“Elder Glen L. Rudd of the First Quorum of the Seventy,” Ensign, May 1987, 93
Glen Rudd’s first two sons are named Lee and Matthew—after President Harold B. Lee and Elder Matthew Cowley. Both men had a great influence in Brother Rudd’s life. As a young missionary in New Zealand, Elder Rudd served as secretary to Elder Cowley, his mission president. He grew up in the Pioneer Stake, while Brother Lee was developing the Pioneer Stake’s welfare program. It was there that he learned welfare principles. Later, as a bishop, he presided over a large ward with many welfare needs. All this prepared him for full-time service in the Church Welfare Program.
Glen Larkin Rudd, now sixty-eight, was born 18 May 1918 in Salt Lake City to Charles P. and Gladys Marie Harman Rudd. Young Glen worked during his teenage years in his father’s poultry processing business, attended the University of Utah, served a mission in New Zealand, and then returned home to start a poultry business of his own. It was soon thriving.
He married the former Marva Sperry. Elder Lee performed their marriage and promised them that they would have a large family. And, although Sister Rudd suffered from heart problems, the couple eventually had the family that had been promised them—eight children in all.
During the early years of his marriage, Elder Rudd served as a ward clerk, a counselor in the bishopric, and a bishop. As a young deacon, “I had an idea that someday I would be a bishop—when I got to be fifty,” he says. But that responsibility came earlier than he had anticipated—“by the time I was halfway to fifty.”
For more than thirty years, he worked in the development of the welfare program. His first assignment was to help work out details of how storehouses should be run. Later, he helped design, build, and establish storehouses in many parts of the United States.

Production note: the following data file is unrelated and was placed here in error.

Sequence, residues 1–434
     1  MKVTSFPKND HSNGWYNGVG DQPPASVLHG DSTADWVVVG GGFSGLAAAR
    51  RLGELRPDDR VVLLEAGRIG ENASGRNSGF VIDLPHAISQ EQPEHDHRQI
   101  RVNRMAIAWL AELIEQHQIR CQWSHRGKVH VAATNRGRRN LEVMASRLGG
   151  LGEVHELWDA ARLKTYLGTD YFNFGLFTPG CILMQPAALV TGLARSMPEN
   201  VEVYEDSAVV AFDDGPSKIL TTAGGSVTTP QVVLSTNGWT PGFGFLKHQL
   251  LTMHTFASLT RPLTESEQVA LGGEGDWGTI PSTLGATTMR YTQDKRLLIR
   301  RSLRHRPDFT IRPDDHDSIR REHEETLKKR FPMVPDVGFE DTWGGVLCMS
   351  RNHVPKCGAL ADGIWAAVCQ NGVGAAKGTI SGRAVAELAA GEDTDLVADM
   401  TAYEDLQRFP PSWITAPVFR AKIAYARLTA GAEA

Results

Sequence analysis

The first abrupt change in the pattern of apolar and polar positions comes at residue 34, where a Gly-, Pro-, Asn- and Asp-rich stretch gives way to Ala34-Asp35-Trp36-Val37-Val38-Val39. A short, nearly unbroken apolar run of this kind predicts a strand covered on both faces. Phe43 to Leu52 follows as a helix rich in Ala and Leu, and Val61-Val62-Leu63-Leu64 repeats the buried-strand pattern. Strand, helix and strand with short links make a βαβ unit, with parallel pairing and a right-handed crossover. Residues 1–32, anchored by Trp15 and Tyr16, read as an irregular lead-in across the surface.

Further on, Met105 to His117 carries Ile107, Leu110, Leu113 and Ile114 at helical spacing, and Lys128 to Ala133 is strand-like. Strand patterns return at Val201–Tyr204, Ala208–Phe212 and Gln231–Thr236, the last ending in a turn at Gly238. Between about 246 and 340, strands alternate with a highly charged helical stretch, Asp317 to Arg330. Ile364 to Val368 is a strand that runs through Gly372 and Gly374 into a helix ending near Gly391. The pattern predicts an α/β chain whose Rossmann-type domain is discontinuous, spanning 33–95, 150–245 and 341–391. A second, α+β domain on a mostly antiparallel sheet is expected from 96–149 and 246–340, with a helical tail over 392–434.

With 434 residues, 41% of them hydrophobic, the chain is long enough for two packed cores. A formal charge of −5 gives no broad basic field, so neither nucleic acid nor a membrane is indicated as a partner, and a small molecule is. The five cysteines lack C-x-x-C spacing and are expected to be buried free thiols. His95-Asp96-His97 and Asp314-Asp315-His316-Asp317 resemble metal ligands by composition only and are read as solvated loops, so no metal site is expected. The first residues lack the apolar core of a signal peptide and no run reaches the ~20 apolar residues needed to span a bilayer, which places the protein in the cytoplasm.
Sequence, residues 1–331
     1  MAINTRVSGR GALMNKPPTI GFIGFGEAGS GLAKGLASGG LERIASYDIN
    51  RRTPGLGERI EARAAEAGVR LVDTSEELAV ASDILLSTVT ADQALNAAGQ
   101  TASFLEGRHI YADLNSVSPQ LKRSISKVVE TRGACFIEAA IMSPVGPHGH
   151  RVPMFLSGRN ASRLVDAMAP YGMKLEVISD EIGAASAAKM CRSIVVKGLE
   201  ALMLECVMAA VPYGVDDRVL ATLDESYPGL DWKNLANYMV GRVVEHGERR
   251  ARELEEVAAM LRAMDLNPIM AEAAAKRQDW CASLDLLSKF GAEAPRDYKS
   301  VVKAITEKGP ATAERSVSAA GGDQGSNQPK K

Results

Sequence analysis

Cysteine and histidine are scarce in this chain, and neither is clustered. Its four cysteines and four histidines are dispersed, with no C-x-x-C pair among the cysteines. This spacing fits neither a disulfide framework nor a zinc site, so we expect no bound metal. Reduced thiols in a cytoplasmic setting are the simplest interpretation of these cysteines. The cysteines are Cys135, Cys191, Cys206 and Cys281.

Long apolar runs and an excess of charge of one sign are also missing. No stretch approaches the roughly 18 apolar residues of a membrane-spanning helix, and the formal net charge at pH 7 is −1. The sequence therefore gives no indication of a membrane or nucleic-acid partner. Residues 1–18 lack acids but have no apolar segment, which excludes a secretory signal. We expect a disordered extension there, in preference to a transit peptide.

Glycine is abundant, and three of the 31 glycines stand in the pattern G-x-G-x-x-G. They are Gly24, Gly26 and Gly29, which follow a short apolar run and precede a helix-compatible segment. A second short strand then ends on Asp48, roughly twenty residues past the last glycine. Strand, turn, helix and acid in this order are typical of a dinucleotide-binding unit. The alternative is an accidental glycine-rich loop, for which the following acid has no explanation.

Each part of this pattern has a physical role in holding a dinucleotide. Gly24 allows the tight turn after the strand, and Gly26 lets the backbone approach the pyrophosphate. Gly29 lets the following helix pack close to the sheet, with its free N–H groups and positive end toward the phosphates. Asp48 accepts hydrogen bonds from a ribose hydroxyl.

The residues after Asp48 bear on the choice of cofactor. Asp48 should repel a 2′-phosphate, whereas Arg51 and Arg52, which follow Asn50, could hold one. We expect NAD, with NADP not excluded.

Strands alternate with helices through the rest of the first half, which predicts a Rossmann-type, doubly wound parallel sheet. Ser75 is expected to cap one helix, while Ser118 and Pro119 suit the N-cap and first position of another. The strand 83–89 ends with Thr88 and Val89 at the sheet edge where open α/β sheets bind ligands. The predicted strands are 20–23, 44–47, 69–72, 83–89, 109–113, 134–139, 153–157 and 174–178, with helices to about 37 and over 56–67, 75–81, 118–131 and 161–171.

Elder Rudd managed his own business for twelve years—until one day when Elder Lee asked him if he would manage Welfare Square. “He made me a promise,” says Elder Rudd. “He said, ‘If you’ll come and be the manager of Welfare Square, you’ll never regret it.’ That was one of the great promises of my life—I have never regretted it.”
Elder Rudd took the job the next day and gave up his business. He traveled throughout the Church with General Authorities teaching in stake conferences about the welfare program. He gained a great testimony of the principle of work. “All my life, when I’ve found people in trouble, people who are sad, people who need counseling or advice, I have found that work is generally the answer to their problems,” he says.
Brother Rudd presided over the Florida Mission from 1966 to 1969. In 1970, he was called as a regional representative.
Released in 1976 from that calling, and after twenty-five years as manager of Welfare Square, he accepted a new assignment as zone director for the Welfare Services Department. He was also called as a counselor in the Salt Lake Wilford Stake presidency, where he served for nine years.
In 1978, he served as a mission president in New Zealand when the president of the Wellington Mission passed away. Then, in 1984, he retired from Church employment and was called back to New Zealand—this time to be the president of the temple.
In all his Church assignments—welfare work, temple work, and missionary work, Elder Rudd has felt the Spirit of the Lord. “I just know the Church is true,” he says. “There has never been a time when I haven’t known it was true. The testimony I have comes from the whisperings of the Spirit. If we can listen to the Spirit of the Lord, we can know the direction to go.”